By a News Reporter-Staff News Editor at Science Letter -- Data detailed on Scientific Instruments have been presented. According to news reporting originating in New York City, New York, by NewsRx journalists, research stated, "This paper presents a combined ultrasound and photoacoustic (PA) imaging (PAI) system used to obtain high-quality, co-registered images of mouse-embryo anatomy and vasculature. High-frequency ultrasound (HFU, >20 MHz) is utilized to obtain high-resolution anatomical images of small animals while PAI provides high-contrast images of the vascular network."
The news reporters obtained a quote from the research from Center for Biomedical Engineering, "The imaging system is based on a 40 MHz, 5-element, 6 mm aperture annular-array transducer with a 800 ?m diameter hole through its central element. The transducer was integrated in a cage-plate assembly allowing for a collimated laser beam to pass through the hole so that the optical and acoustic beams were collinear. The assembly was mounted on a two-axis, motorized stage to enable the simultaneous acquisition of co-registered HFU and PA volumetric data. Data were collected from all five elements in receive and a synthetic-focusing algorithm was applied in post-processing to beamform the data and increase the spatial resolution and depth-of-field (DOF) of the HFU and PA images. Phantom measurements showed that the system could achieve high-resolution images (down to 90 ?m for HFU and 150 ?m for PAI) and a large DOF of >8 mm. Volume renderings of a mouse embryo showed that the scanner allowed for visualizing morphologically precise anatomy of the entire embryo along with corresponding co-registered vasculature."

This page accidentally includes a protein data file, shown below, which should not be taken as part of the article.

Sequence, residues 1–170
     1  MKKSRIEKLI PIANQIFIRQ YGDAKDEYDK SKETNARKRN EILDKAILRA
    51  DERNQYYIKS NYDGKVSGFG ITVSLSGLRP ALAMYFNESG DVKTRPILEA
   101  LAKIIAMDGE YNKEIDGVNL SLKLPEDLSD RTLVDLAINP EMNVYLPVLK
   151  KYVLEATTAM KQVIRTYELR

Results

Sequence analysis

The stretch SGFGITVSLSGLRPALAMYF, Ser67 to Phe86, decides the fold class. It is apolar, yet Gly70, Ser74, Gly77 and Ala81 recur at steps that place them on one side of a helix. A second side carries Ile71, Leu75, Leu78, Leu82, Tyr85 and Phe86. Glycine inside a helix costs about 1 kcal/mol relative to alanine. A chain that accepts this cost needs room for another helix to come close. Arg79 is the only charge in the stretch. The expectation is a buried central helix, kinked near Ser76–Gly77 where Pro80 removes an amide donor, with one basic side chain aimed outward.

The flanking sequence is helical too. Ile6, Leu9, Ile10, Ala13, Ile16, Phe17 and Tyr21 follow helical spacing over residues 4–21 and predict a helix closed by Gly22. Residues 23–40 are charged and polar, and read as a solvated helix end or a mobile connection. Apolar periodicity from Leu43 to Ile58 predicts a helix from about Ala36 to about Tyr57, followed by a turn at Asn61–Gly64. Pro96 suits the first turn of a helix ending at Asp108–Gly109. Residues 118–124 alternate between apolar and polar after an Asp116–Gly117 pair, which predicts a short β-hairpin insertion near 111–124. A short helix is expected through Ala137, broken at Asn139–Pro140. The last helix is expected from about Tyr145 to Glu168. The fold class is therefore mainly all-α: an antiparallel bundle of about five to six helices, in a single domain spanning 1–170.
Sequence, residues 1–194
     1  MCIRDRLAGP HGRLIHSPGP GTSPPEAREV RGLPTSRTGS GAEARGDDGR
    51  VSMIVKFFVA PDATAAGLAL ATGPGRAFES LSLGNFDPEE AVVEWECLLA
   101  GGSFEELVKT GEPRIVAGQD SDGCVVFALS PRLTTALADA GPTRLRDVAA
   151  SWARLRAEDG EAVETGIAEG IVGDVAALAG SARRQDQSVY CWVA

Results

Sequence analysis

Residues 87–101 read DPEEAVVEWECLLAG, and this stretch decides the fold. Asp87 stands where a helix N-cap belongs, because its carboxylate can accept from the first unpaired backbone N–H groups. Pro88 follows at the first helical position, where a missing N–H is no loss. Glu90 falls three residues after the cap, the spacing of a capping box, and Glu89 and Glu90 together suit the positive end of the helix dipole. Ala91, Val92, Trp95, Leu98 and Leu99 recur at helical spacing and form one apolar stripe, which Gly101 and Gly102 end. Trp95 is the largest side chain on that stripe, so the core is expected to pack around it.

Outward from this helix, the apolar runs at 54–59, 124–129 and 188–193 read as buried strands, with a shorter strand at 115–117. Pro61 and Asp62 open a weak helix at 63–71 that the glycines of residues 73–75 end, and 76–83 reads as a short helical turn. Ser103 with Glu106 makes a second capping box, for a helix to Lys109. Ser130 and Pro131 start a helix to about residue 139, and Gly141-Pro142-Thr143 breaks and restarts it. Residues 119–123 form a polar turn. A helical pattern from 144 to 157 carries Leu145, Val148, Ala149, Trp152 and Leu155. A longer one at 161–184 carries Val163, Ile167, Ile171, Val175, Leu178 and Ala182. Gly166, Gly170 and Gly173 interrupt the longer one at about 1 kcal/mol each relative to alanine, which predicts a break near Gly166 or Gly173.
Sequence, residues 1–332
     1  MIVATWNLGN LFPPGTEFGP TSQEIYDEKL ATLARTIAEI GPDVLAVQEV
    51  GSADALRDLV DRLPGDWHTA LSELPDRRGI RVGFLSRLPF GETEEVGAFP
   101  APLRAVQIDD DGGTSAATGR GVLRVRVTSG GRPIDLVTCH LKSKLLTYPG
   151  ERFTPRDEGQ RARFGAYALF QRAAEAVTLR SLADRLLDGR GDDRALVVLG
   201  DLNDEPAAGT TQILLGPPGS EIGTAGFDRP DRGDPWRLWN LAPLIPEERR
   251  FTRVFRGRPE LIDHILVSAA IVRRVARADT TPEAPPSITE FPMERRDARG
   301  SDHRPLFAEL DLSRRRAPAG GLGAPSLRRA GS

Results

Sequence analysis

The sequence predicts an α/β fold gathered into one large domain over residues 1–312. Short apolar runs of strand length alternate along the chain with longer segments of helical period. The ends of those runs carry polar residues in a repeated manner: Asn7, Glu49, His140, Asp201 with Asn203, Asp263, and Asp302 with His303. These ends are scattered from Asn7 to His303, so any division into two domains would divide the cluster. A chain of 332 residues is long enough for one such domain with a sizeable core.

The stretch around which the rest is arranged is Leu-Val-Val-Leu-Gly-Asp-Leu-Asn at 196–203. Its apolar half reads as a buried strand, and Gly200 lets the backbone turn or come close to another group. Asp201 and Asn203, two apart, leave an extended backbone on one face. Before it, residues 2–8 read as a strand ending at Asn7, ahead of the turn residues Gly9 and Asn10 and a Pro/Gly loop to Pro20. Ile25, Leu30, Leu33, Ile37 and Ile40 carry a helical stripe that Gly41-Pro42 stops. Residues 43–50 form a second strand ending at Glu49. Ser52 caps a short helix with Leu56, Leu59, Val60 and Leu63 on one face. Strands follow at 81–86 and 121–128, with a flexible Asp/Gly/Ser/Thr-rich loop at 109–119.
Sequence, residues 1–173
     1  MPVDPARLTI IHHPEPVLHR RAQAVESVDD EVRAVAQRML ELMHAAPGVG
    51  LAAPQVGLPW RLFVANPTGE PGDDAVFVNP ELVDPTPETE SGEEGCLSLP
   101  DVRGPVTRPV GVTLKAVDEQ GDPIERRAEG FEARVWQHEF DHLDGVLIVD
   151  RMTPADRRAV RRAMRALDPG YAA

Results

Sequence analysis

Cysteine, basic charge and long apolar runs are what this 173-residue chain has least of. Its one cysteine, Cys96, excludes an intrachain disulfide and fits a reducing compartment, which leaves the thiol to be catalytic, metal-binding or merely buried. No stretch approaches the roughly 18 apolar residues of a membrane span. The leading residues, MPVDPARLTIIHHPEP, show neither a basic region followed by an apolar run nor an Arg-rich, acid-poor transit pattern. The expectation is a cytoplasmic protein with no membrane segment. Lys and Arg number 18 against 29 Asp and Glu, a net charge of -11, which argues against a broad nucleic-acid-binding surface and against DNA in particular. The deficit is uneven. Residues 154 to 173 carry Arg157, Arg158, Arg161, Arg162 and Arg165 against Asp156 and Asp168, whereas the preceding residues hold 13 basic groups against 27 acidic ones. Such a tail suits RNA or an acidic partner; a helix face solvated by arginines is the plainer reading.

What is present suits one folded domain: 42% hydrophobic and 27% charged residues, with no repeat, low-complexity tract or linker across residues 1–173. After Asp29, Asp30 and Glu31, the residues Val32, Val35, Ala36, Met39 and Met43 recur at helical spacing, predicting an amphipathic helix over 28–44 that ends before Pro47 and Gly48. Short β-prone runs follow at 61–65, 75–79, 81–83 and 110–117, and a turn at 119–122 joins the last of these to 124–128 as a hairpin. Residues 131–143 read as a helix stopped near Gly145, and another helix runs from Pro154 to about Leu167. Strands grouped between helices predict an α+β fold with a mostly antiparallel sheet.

According to the news reporters, the research concluded: "Major head vessels, such as the superior sagittal sinus or rostral vein, were clearly identified as well as limb bud vasculature."
For more information on this research see: High-frequency annular array with coaxial illumination for dual-modality ultrasonic and photoacoustic imaging. The Review of Scientific Instruments, 2013;84(5):053705 (see also Scientific Instruments).
Our news correspondents report that additional information may be obtained by contacting E. Filoux, Lizzi Center for Biomedical Engineering, Riverside Research, New York, New York 10038, United States. Additional authors for this research include A. Sampathkumar, P.V. Chitnis, O. Aristizabal and J.A Ketterling.
Keywords for this news article include: New York City, United States, Scientific Instruments, North and Central America.
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